Bill Moyers and Chris Hedges: How Whole Regions of America Have Been Destroyed in the Name of Quarterly Profits
You can watch the video of Moyers' interview with Hedges at the bottom of this transcript.
BILL MOYERS: Here we are, barely halfway through the summer, and Barack Obama and Mitt Romney have stepped up their cage match, each attacking the other, throwing insults and accusations back and forth like folding chairs hurled across the wrestling ring.
Governor Romney pummels away at the economy; President Obama pummels away at Mr. Romney—when he was or wasn’t at his company Bain Capital, his tax returns and his offshore accounts. All the while, as they bob and weave their way through this quadrennial competition, punching wildly, the real story of what’s happening to ordinary people as capitalism runs amok is largely ignored by each of them. But not in this book “Days of Destruction, Days of Revolt”—an unusual account of poverty and desolation across contemporary America. It’s a collaboration between graphic artist and journalist Joe Sacco, and my guest on this week’s broadcast, Chris Hedges.
CHRIS HEDGES: All of the true correctives to American democracy came through movements that never achieved formal political power.
BILL MOYERS: This is just the latest battle cry from Hedges, who, angry at what he sees in the world, expresses his outrage in thoughtful prose that never fails to inform and provoke. As a correspondent and bureau chief for “The New York Times,” he covered wars in North Africa, the Balkans and the Middle East—leaving the paper after a reprimand for publicly denouncing the 2003 invasion of Iraq.
In such books as “War Is a Force that Gives Us Meaning,” his weekly column for the website “Truthdig” and freelance articles for a variety of other publications, Chris Hedges has taken his life’s experience covering the brutality of combat and shaped a worldview in which morality and faith, and the importance of truth-telling, dissent and social activism take precedence, even if it means going to jail. ...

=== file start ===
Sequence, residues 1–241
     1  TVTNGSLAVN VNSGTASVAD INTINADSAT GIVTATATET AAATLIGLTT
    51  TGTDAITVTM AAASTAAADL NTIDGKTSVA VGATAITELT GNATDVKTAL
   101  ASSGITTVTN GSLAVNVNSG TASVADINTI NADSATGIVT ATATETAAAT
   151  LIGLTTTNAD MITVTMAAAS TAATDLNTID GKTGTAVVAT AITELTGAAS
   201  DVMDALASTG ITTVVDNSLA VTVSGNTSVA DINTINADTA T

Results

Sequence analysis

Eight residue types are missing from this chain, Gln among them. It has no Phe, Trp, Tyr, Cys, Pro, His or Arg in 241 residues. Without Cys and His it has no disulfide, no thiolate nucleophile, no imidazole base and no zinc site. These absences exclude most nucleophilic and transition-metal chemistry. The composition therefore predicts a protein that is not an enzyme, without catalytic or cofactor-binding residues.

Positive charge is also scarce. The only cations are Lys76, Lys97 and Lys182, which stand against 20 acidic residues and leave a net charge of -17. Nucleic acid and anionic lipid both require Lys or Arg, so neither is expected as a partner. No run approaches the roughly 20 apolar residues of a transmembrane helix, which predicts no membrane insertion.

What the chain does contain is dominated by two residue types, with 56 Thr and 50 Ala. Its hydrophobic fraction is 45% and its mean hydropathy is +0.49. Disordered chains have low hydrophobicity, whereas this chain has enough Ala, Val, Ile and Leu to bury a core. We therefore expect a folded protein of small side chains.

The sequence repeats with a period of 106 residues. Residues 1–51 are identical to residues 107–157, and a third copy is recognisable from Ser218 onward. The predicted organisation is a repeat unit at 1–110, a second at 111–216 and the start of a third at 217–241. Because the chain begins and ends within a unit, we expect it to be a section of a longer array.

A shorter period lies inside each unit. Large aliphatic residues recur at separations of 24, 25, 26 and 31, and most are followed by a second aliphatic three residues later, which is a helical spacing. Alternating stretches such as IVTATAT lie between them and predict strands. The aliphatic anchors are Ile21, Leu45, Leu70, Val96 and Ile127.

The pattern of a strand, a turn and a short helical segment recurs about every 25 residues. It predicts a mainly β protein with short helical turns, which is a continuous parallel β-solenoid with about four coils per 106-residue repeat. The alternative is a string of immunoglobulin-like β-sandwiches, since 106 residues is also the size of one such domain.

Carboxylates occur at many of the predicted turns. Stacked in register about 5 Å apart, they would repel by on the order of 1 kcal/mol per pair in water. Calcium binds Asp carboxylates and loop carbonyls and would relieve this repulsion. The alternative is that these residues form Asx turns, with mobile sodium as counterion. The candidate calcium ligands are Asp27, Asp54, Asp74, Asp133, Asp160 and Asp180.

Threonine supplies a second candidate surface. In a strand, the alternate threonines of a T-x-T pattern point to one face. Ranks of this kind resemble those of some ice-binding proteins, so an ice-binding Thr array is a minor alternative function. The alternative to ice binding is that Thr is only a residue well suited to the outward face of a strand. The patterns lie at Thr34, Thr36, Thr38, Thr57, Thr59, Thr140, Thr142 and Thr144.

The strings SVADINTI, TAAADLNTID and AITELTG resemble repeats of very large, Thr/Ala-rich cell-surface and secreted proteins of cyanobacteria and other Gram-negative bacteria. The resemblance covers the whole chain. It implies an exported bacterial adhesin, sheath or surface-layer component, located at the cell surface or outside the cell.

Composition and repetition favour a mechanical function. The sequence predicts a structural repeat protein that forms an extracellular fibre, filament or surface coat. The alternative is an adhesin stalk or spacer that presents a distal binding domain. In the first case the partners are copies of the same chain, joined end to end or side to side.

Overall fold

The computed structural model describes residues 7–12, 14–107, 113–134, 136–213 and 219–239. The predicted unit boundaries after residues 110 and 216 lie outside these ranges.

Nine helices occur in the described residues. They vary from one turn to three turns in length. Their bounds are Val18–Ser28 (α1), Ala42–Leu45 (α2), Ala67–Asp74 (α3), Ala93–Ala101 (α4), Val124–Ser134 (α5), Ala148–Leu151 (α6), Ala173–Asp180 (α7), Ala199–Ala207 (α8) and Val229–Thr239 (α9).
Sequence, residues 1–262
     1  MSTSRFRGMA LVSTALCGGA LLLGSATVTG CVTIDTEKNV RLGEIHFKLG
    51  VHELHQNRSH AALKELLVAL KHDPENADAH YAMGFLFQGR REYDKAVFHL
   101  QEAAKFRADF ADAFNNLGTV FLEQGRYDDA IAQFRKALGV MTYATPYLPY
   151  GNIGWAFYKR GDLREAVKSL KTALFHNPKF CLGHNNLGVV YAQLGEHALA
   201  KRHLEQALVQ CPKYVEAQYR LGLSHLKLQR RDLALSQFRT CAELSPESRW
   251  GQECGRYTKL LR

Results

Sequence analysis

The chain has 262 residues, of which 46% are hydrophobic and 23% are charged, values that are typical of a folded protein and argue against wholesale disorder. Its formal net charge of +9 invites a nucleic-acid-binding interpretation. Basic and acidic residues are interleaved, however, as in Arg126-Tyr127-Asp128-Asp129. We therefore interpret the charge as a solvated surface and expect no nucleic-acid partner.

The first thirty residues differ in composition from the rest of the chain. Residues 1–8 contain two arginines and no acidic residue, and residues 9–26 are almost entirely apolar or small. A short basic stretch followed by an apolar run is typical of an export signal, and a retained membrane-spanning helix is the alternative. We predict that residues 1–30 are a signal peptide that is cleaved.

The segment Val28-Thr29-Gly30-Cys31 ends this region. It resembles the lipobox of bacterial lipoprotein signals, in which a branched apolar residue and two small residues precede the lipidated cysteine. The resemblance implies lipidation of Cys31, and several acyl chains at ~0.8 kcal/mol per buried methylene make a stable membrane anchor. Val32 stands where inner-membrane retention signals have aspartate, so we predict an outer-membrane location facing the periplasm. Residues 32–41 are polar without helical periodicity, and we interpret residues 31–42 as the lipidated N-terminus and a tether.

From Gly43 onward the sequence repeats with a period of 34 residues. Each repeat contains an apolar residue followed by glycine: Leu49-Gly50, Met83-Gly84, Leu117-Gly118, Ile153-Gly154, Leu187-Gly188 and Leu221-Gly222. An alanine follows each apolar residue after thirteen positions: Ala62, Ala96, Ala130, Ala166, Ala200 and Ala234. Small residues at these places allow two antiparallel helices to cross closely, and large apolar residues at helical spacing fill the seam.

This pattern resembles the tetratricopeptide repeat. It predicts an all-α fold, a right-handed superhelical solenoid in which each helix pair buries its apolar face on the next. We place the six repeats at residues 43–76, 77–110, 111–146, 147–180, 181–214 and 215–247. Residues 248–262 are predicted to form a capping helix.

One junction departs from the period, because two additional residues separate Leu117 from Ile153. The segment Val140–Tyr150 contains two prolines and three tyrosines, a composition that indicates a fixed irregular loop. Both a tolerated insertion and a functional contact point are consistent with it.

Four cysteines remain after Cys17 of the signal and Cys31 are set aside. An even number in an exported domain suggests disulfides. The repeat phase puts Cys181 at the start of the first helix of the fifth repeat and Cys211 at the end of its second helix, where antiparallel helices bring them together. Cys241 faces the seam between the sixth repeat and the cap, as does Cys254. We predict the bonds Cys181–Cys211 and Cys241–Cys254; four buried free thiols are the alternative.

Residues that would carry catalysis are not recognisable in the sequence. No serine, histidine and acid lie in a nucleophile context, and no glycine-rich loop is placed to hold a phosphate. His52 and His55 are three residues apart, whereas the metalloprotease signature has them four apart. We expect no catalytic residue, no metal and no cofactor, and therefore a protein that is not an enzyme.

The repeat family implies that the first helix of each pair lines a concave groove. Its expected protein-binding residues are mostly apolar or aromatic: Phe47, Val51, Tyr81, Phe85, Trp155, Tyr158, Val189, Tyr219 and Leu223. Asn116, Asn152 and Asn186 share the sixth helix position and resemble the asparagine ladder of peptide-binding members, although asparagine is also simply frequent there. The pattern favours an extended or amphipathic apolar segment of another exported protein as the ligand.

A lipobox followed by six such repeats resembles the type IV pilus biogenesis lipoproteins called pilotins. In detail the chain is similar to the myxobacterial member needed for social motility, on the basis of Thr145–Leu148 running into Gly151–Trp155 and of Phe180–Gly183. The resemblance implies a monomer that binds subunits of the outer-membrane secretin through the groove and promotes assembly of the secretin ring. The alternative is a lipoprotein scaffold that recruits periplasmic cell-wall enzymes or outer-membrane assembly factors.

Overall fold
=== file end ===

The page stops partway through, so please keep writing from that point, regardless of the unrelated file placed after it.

Tell me about Joe Sacco. He was your companion on this trip. And he was your, in effect, coauthor. Although he was sketching instead of writing.
CHRIS HEDGES: I've known Joe since the war in Bosnia. We met when he was working on his book, “Gorazde.” And I was not a reader of graphic novels. But I watched him work. And I certainly know a brilliant journalist when I see one. And he is one of the most brilliant journalists I've ever met.
He reports it out with such depth and integrity and power, and then he draws it out. And I realized that an extremely important component of this book was making visible these invisible communities, because we don't see them. They're shut out. They're frightening, they're depressing. And they're virtually off the radar screen in terms of the commercial media.
BILL MOYERS: This is a tough book. It's not dispatches from Disneyworld. It paints a very stark portrait of poverty, despair, destructive behavior. What makes you think people want to read that sort of thing these days?
CHRIS HEDGES: That wasn't a question that Joe Sacco and I ever asked. It's absolutely imperative that we begin to understand what unfettered, unregulated capitalism does, the violence of that system, which is portrayed in all of the places that we visited.
These are sacrifice zones, areas that have been destroyed for quarterly profit. And we're talking about environmentally destroyed, communities destroyed, human beings destroyed, families destroyed. And because there are no impediments left, these sacrifice zones are just going to spread outward.
BILL MOYERS: What do you mean, there are no impediments left?